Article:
Following osteoclast-mediated resorption, the Howship lacunae remain covered with undigested demineralized collagen matrix (49). A mononuclear cell of undetermined lineage removes these collagen remnants and prepares the bone surface for subsequent osteoblast-mediated bone formation. Initially, this “reversal” cell was proposed to be a monocytic phagocyte based on morphological assessment (50). However, more recently, it was reported that the reversal cell is from the osteoblast lineage, based on cell morphology, positive expression for alkaline phosphatase, and the absence of the monocyte macrophage marker MOMA-2 (monocyte + macrophage antibody-2) on these cells (49). In light of the recent characterization of F4/80+ osteomacs and their association with BMUs (34), a more detailed assessment of the reversal cell phenotype needs to be undertaken because macrophages can express alkaline phosphatase (51), and MOMA-2 and F4/80 detect different macrophage populations (52). From a functional perspective, the likely explanation is that both osteomacs and mesenchymal bone-lining cells work together to facilitate events during the reversal phase. Osteomacs are likely responsible for removal of matrix debris during the reversal phase. Indeed, macrophages can produce MMPs (53), the enzymes required for matrix degradation, and are professional phagocytic cells. Macrophages can also produce osteopontin (54), which is incorporated into mineralized tissue. However, the mesenchymal bone-lining cells are more ideally equipped to deposit the collagenous matrix that forms along osteopontin-rich cement lines within Howship lacunae (49). The final role of the reversal cells may be to receive or produce coupling signals that allow transition from bone resorption to bone formation within the BMU.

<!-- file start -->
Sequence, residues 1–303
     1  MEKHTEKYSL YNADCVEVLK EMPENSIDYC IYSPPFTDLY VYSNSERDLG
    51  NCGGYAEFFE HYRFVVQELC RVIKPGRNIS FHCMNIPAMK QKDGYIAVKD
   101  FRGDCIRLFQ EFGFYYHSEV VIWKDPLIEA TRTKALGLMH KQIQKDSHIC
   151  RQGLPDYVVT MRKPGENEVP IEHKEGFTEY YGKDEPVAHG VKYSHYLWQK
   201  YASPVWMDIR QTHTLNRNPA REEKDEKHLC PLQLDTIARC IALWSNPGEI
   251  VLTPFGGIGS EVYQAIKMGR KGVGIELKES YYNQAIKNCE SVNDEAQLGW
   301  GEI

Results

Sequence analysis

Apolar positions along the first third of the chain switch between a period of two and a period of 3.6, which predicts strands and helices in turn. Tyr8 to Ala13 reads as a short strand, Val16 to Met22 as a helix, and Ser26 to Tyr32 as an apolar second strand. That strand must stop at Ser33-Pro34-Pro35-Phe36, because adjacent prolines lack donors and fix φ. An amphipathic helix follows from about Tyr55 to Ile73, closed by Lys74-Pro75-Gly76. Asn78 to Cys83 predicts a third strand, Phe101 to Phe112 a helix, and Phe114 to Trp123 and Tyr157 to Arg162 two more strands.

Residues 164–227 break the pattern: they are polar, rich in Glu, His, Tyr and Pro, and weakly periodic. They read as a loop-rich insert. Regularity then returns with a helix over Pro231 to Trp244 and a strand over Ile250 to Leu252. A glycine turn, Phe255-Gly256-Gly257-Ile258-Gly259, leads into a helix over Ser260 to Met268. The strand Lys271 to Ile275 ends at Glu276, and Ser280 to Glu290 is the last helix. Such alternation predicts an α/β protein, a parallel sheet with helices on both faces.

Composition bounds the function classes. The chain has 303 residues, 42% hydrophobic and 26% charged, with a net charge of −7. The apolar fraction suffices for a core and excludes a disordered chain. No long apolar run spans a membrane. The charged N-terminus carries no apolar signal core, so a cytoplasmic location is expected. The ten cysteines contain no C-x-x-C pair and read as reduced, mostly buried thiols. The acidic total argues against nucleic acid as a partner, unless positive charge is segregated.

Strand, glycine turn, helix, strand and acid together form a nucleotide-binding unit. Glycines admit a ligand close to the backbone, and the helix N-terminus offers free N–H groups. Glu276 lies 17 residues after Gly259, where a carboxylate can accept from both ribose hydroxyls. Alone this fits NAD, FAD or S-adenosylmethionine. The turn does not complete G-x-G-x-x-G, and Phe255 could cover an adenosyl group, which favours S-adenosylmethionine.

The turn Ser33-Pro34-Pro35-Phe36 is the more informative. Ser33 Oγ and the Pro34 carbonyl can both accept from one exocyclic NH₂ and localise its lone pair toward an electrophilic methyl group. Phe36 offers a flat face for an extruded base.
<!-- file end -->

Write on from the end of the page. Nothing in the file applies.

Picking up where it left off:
Formation Phase